Lifestyle

FIFO workers' partners and families are unhappy, stressed

FLY-in, fly-out workers feel undervalued and their partners are generally dissatisfied with their lives, according to two academic reports from a Perth university.

The two research papers, from Murdoch University's School of Psychology, are the latest in a string of attacks on the emerging need for FIFO workers to work on isolated mining and construction sites.

Earlier this month, an award-winning Brisbane academic said the FIFO nature of the industry was creating "hot boxes of crime".

It also follows an expansive federal parliamentary inquiry that began in August last year but is yet to publish its findings.

Of the two Murdoch reports, one focussed on whether workers and their families were personally satisfied with their FIFO roles.

It found that, in general, the FIFO staff were content in their roles, although partners were less satisfied.

Those with primary school-aged children were more likely to be unhappy but those partners with no children reported feeling the most stress.

The second was taken with an interest in how workers felt about managers, their role and the amount of support received.

In this research, of the 223 FIFO workers surveyed, the average response was that they did not feel a strong sense of belonging to their employer.

They also reported, on average, to feeling unsure about the level of support given.

Research supervisor Libby Brook said the papers showed workers did not feel valued for their contributions or that supervisors cared about their well-being.

"Since workers see their supervisors' attitudes as a reflection of the organisation's attitude as a whole, this is significant," Mrs Brook said.

She said companies were making a major effort to improve support for these fly-in workers, but said the research showed more needed to be done.

In early 2012, the Queensland Resources Council published research based on 2013 workers surveyed.

Of those, roughly half lived near their work site and half had to either drive or fly to work.

It suggested just 12% of workers reported wanting to change accommodation arrangements.

The report also found 90% preferred to live on the coastline against living near their workplace.Murdoch University is continuing its research in the area.

Topics:  families fifo stress



Why the NDIS should matter to all Ipswich locals

Little Lachlan (front) has an extremely rare genetic disorder that means he autism, cerebral palsy and epilepsy. He is one of thousands of Ipswich residents who will transition to the NDIS over the coming year. Pictured with his dad Robert Buhse, brother Quinlan, 4, and mum Zoe Cahill.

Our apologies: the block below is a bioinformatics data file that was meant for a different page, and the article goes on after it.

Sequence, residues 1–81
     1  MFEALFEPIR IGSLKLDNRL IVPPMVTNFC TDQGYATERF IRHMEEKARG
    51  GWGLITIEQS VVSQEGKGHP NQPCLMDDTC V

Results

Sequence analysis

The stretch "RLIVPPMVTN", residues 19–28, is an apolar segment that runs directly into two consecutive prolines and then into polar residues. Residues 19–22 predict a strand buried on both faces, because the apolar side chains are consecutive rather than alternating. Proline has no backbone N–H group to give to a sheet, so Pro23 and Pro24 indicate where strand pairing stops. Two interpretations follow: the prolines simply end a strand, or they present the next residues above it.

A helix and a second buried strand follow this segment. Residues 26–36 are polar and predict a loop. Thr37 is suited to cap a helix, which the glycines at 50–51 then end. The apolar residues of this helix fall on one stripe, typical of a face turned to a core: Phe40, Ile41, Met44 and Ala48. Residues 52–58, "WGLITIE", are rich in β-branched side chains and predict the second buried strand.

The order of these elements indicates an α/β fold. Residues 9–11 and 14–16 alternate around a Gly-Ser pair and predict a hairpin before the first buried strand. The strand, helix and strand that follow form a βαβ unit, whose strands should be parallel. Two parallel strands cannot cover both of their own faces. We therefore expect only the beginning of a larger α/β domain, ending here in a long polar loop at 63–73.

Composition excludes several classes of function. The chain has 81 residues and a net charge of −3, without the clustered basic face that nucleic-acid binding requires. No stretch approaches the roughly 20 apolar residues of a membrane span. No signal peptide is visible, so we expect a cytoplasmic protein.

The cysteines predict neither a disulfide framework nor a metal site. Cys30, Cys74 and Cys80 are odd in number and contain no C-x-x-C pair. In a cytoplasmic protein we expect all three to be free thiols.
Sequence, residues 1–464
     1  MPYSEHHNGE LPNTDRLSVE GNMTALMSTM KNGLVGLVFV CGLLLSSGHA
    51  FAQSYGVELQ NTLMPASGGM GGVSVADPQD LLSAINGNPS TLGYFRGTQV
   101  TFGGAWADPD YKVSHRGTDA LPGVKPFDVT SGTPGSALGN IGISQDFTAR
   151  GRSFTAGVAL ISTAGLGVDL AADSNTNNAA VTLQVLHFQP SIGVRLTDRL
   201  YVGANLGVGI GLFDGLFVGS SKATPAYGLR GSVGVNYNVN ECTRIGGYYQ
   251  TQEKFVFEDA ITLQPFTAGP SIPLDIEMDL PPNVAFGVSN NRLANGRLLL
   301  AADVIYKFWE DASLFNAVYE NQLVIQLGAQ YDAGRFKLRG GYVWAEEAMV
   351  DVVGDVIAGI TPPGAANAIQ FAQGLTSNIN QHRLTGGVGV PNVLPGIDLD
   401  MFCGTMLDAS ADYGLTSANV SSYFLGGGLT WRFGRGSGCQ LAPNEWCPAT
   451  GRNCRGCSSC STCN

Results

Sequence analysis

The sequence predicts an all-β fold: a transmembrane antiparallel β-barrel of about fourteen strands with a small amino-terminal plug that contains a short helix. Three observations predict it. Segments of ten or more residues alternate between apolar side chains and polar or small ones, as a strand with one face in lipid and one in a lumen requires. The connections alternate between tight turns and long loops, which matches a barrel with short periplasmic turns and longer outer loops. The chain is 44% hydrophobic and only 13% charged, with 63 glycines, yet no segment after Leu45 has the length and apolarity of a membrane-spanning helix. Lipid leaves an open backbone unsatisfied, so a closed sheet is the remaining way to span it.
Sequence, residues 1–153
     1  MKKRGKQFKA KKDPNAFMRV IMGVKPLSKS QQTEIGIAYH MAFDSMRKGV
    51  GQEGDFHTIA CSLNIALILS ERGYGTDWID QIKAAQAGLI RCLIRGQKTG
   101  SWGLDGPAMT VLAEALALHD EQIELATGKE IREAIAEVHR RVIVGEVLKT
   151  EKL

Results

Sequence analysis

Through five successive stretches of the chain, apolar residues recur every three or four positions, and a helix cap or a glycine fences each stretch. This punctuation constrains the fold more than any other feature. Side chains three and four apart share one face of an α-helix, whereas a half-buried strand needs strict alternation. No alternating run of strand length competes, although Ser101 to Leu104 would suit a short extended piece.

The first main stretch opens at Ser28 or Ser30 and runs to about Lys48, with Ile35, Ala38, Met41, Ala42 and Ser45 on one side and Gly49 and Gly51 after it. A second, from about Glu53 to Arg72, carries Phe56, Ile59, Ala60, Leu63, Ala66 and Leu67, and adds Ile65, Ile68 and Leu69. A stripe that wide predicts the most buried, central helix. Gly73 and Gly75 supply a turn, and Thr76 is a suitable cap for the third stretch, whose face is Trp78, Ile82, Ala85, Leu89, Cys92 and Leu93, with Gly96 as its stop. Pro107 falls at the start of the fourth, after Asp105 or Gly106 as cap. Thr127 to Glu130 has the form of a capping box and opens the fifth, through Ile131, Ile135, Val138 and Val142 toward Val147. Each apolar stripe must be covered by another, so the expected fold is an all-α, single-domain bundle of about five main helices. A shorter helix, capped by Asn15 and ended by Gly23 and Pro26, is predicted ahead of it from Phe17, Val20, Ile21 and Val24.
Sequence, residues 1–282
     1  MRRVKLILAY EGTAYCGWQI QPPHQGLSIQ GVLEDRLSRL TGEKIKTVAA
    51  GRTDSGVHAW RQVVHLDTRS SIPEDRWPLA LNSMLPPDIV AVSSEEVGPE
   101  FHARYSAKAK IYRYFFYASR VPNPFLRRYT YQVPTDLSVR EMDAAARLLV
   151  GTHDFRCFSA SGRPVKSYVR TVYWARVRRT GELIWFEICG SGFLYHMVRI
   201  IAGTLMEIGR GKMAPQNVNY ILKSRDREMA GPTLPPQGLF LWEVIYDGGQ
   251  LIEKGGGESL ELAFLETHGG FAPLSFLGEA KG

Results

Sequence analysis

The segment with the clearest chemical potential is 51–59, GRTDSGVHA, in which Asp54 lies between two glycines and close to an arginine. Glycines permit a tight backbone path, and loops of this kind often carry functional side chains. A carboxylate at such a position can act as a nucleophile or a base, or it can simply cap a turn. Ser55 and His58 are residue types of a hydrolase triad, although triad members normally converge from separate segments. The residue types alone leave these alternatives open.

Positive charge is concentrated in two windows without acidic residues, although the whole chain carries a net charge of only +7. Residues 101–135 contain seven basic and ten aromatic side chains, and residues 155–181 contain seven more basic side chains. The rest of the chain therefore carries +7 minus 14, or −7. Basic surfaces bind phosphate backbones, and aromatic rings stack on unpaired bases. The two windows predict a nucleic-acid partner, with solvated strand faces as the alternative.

Lachlan's life depends on the NDIS

Council adds 18 new buildings to city's heritage list

HISTORIC MOMENT: The Hotel Kerwick in Redbank is one of 18 new places added to the city's heritage register this week.

Hotels, churches, school buildings and shops now feature on register

Super hunt worth it

"Take control of your financial affairs now."

Local Partners

‘Double whammy’ influenza, hayfever strikes

A DOUBLE whammy of the horror flu outbreak and an early start to hayfever season has left tens of thousands of people short of breath, coughing and spluttering.

Mum slammed for sex talk with 12-year-old son

The post that sparked the debate on Mumsnet.

Parents on forums can be the worst sometimes

Object of desire: 2018 Kia Stinger launched

The mid-range Kia Stinger Si will officially reach showrooms on October 1.

First drive of this year's most anticipated car.

Toowoomba man's mission to climb seven summits

CLIMBING HIGH: Toowoomba man Mark Raby climbed Mt Kilimanjaro last year to raise funds for Beyond Blue and next year will climb Mt Aconcagua for the Toowoomba Hospital Foundation.

Climb to help build mental strength and help others with struggles

Bundy teen's shock cancer diagnosis

FAMILY TIES: Harrison Lassig (front left) with his parents and siblings.

Lassig family need community's help

Move over Bindi Irwin, we have the Fauna Fetchers

The Fauna Fetcher team Sophie and Bridget Thomson are passionate about wildlife and the environment.

Northern Rivers twins share their passion for wildlife

Boy's flu battle: 'He is not going to hear me say, I love you'

Kynan Meara-Fletcher, 7, with his mum Michelle Meara-Fletcher at Lady Cilento Children's Hospital.

A young boy may be going home after a long battle with the flu.